We quantify the effect of the galaxy group environment (for group masses of 1012.5-1014.0 M⊙) on the current star formation rate (SFR) of a pure, morphologically selected sample of disk-dominated (i.e., late-type spiral) galaxies with redshift ≤0.13. The sample embraces a full representation of quiescent and star-forming disks with stellar mass M ∗ ≥ 109.5 M⊙. We focus on the effects on SFR of interactions between grouped galaxies and the putative intrahalo medium (IHM) of their host group dark matter halos, isolating these effects from those induced through galaxy-galaxy interactions, and utilizing a radiation transfer analysis to remove the inclination dependence of derived SFRs. The dependence of SFR on M ∗ is controlled for by measuring offsets Δlog(ψ ∗) of grouped galaxies about a single power-law relation in specific SFR, , exhibited by non-grouped "field" galaxies in the sample. While a small minority of the group satellites are strongly quenched, the group centrals and a large majority of satellites exhibit levels of ψ ∗ statistically indistinguishable from their field counterparts, for all M ∗, albeit with a higher scatter of 0.44 dex about the field reference relation (versus 0.27 dex for the field). Modeling the distributions in Δlog(ψ ∗), we find that (i) after infall into groups, disk-dominated galaxies continue to be characterized by a similar rapid cycling of gas into and out of their interstellar medium shown prior to infall, with inflows and outflows of ∼1.5-5 x SFR and ∼1-4 x SFR, respectively; and (ii) the independence of the continuity of these gas flow cycles on M ∗ appears inconsistent with the required fueling being sourced from gas in the circumgalactic medium on scales of ∼100 kpc. Instead, our data favor ongoing fueling of satellites from the IHM of the host group halo on ∼Mpc scales, i.e., from gas not initially associated with the galaxies upon infall. Consequently, the color-density relation of the galaxy population as a whole would appear to be primarily due to a change in the mix of disk- and spheroid-dominated morphologies in the denser group environment compared to the field, rather than to a reduced propensity of the IHM in higher-mass structures to cool and accrete onto galaxies. We also suggest that the required substantial accretion of IHM gas by satellite disk-dominated galaxies will lead to a progressive reduction in the specific angular momentum of these systems, thereby representing an efficient secular mechanism to transform morphology from star-forming disk-dominated types to more passive spheroid-dominated types.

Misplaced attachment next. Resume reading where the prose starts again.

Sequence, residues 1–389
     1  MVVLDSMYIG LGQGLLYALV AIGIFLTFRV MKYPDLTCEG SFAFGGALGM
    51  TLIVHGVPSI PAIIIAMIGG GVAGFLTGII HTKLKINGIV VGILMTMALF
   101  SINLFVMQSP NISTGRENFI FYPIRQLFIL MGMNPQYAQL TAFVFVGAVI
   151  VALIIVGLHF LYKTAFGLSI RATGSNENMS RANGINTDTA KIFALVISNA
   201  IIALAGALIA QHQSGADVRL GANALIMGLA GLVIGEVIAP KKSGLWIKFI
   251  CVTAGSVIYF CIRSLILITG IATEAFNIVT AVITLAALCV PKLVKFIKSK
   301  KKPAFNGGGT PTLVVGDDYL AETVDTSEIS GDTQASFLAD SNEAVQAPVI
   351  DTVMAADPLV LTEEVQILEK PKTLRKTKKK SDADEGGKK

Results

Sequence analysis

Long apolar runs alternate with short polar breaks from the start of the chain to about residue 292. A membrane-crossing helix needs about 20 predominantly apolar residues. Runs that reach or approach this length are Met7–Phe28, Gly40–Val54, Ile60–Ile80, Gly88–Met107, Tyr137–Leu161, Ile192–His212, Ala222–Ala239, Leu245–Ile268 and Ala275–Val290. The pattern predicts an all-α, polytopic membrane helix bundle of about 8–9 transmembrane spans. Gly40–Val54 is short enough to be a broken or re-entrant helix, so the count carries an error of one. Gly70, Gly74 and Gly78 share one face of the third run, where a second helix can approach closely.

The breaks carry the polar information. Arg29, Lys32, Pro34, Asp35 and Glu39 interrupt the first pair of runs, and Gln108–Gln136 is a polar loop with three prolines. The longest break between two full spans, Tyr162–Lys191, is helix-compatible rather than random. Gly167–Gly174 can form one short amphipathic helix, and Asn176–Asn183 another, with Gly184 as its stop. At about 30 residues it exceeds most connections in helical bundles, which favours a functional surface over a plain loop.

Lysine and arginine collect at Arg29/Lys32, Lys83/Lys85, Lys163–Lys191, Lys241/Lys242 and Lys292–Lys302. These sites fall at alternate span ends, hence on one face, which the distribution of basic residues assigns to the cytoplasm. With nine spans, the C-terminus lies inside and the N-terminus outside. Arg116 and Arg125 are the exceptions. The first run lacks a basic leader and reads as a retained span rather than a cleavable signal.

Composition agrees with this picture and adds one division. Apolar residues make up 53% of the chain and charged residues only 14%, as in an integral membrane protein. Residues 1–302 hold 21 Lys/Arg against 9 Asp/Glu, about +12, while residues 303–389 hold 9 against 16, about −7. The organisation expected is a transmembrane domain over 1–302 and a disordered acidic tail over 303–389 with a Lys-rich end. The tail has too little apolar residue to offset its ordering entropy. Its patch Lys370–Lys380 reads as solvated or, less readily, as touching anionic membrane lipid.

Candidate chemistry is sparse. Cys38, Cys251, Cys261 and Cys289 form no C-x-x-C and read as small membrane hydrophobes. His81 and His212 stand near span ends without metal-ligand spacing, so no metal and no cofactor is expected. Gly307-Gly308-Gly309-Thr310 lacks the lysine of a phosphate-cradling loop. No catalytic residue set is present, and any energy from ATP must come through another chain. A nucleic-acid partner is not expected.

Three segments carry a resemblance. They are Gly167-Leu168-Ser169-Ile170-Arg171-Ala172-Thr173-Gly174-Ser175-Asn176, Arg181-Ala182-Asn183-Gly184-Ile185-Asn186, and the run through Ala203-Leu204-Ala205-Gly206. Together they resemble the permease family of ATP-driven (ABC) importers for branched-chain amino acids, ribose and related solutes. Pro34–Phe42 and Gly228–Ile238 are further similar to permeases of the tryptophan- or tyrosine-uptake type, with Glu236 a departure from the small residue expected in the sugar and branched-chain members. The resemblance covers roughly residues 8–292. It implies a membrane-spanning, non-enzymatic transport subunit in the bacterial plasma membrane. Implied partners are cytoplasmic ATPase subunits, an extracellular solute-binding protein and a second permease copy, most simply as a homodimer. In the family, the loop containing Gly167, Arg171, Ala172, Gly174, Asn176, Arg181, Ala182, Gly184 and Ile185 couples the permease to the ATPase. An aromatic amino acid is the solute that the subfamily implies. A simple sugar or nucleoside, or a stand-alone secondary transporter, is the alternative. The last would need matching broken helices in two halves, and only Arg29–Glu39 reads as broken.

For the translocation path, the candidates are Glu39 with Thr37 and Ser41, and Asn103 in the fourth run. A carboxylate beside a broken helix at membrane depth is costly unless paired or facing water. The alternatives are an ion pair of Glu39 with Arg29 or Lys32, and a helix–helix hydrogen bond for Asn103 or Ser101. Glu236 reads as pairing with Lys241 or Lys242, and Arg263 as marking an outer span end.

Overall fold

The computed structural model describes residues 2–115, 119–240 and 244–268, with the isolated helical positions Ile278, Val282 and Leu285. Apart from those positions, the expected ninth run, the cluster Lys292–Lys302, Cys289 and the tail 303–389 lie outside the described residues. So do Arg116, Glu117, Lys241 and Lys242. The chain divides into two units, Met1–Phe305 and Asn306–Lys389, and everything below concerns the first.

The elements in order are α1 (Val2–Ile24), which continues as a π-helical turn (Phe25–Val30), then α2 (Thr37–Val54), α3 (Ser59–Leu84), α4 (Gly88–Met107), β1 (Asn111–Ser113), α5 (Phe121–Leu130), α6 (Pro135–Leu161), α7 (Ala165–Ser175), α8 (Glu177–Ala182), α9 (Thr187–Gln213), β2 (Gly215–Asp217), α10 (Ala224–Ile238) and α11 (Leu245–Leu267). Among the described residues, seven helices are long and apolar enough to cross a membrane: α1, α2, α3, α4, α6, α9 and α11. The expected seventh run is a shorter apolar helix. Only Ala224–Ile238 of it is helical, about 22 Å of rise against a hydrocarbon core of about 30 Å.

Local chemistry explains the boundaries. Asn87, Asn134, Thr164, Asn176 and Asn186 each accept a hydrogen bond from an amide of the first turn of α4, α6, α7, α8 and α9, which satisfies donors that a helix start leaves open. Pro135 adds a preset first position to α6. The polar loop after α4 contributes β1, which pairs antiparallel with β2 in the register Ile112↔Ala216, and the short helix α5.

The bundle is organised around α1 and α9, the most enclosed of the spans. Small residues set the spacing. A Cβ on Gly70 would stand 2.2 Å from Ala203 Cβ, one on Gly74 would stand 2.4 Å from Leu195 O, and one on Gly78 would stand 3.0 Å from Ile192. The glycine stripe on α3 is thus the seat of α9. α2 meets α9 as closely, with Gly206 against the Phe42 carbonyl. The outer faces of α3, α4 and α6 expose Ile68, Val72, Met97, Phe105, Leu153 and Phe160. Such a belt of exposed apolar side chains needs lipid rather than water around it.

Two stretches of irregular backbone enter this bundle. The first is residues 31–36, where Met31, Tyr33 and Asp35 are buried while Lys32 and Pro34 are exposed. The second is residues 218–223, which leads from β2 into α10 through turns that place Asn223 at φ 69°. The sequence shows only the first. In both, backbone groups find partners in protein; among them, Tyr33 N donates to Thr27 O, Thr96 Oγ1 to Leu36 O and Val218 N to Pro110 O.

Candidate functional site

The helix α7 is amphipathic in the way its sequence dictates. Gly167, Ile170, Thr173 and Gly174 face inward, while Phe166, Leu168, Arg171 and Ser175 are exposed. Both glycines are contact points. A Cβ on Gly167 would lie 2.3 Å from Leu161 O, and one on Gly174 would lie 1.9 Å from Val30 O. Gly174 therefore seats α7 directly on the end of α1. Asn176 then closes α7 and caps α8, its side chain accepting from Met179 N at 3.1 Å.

- galaxies: fundamental parameters
- galaxies: groups: general
- galaxies: ISM
- galaxies: spiral
- intergalactic medium